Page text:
- Kikuji Yamashita 1919–1986
- Original title
- Matsurawareru senshi
- Oil paint on canvas
- Support: 1310 × 1950 mm
frame: 1419 × 2057 × 80 mm
- Purchased with funds provided by the Asia Pacific Acquisitions Committee 2018
Deification of a Soldier (Matsurawareru senshi) 1967 is a large-scale oil painting in a mostly grey palette from which spectral forms emerge. The composition is dominated by the almost symmetrical apparition of a two-headed horse, one of which bears the stripes of a zebra; the other wears a bridle, indicating, in contrast, domestication and oppression by mankind. Out of this creature protrude various limbs and ghoulish faces. The motif of disembodied teeth repeats itself across the bottom of this complex configuration, creating an overall impression of a hallucinatory vision or a nightmare. The paint has been applied in thin, translucent layers, enhancing the ethereal themes of the work. This quality, and the imagery of the painting, signifies the beginning of a departure from the hard, graphic style for which Yamashita was best known, and a turn towards abstraction and psychologically darker themes.
Yamashita was a key artist within ‘Reportage painting’ (Ruporutaju kaiga), a genre that flourished in Japan in the 1950s and 1960s in response to the global Cold War and its devastating impact on the civilian population of Japan. Alongside Nakamura Hiroshi, Ikeda Tatsuo and Ishii Shigeo, Yamashita drew upon his first-hand experiences of war to create dramatic narrative tableaux depicting suffering and interpersonal conflict. Despite the suggestions of fantasy in Deification of a Soldier, various elements root the image in the reality of war – a musket protrudes from the ear of one of the horse’s heads and is directed at a man in a generic red uniform with gold trim, and a skull and a dove wear military helmets. The shape of the latter recalls the distinctive ‘M1’ helmet worn by US Army personnel during the American occupation of Vietnam in the 1950s and 1960s. It is notable that this conflict was experienced by many abroad via photographic reportage, which was used by left-leaning journalists to communicate to the outside world the atrocities committed against Vietnamese civilians, and the vain efforts of the men who been conscripted on both sides. At the time the painting was made, a three-year bombing campaign of North Vietnam was underway. Titled ‘Operation Rolling Thunder’, it resulted in the loss of over 180,000 lives – not including over one thousand servicemen. The title Deification of a Soldier suggests an homage to one who has lost his life in battle, his transmogrification symbolised by the presence of a red butterfly and an egg on the right of the composition.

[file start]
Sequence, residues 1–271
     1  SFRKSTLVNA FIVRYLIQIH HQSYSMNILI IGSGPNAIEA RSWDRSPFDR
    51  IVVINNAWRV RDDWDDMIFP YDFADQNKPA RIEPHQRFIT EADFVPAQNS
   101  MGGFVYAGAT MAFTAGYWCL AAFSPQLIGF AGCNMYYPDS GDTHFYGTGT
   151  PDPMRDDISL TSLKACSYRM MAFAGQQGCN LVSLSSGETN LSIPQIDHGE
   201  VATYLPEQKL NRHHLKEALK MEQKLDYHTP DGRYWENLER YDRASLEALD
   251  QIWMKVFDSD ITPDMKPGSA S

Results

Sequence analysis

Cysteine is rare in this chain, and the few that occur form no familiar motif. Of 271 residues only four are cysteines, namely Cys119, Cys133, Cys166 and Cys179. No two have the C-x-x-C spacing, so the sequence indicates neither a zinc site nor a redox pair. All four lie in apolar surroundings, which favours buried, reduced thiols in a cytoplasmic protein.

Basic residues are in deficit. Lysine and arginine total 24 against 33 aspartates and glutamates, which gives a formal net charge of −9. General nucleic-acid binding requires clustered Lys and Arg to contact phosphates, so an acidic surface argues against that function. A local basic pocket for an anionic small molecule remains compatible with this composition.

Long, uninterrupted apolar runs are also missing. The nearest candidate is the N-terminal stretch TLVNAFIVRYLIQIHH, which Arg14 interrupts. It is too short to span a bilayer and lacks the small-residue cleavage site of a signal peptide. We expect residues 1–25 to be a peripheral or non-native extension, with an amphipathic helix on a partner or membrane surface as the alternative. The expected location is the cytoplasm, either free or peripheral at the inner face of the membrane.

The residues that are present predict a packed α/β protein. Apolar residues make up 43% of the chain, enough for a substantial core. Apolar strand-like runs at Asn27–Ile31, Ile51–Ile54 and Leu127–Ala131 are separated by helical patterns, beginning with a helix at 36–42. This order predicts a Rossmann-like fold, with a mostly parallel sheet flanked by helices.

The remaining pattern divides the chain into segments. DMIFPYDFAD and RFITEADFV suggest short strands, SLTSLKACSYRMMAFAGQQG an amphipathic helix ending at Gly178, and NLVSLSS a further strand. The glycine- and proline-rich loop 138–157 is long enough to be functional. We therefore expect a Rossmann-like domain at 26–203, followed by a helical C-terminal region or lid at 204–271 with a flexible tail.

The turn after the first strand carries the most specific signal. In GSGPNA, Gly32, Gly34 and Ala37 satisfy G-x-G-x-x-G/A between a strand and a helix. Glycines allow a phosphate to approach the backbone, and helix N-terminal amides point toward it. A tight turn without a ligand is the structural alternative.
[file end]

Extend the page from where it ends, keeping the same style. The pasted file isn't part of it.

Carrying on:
Yamashita’s abhorrence of political and social inequality was stimulated from a young age – brought up in a remote village in northern Tokushima, he witnessed first-hand the discrimination of the Burakumin, or ‘outcast’ people, who resided nearby. In 1939, at the age of twenty, Yamashita was conscripted into the Imperial Japanese Army and stationed in China, where he was forced to participate in the execution of a prisoner of war. He later reflected in an article, ‘A Peephole into Discrimination’ (1970), that the trauma of this experience and the inhumanity of war left him with a feeling of deep remorse and helplessness. As a consequence, he was compelled to protest via painting the injustices inflicted by totalitarian regimes.
Stylistically, Yamashita’s paintings draw upon art historical sources as diverse as Early Netherlandish painting, Japanese Noh theatre and twentieth-century social realism. An interest in surrealism, and specifically the work of Salvador Dalí (1904–1989), is also discernible and can be accounted for by Yamashita’s training under Fukuzawa Ichiro (1898–1992), who had travelled to Paris in the 1920s to study sculpture. Fukuzawa was profoundly inspired by European artists such as Dalí, Max Ernst and Giorgio de Chirico, and evidently passed on this enthusiasm to Yamashita in whose paintings absurd and dreamlike imagery frequently appear.
Doryun Chong, ‘Tokyo 1955–1970: A New Avant-Garde’, in Tokyo 1955–1970: A New Avant-Garde, exhibition catalogue, The Museum of Modern Art, New York 2012, pp.26–93.
Linda Hoaglund, ‘The Lost Art of Resistance’, Impressions, no.33, 2012, pp.30–41.
Does this text contain inaccurate information or language that you feel we should improve or change? We would like to hear from you.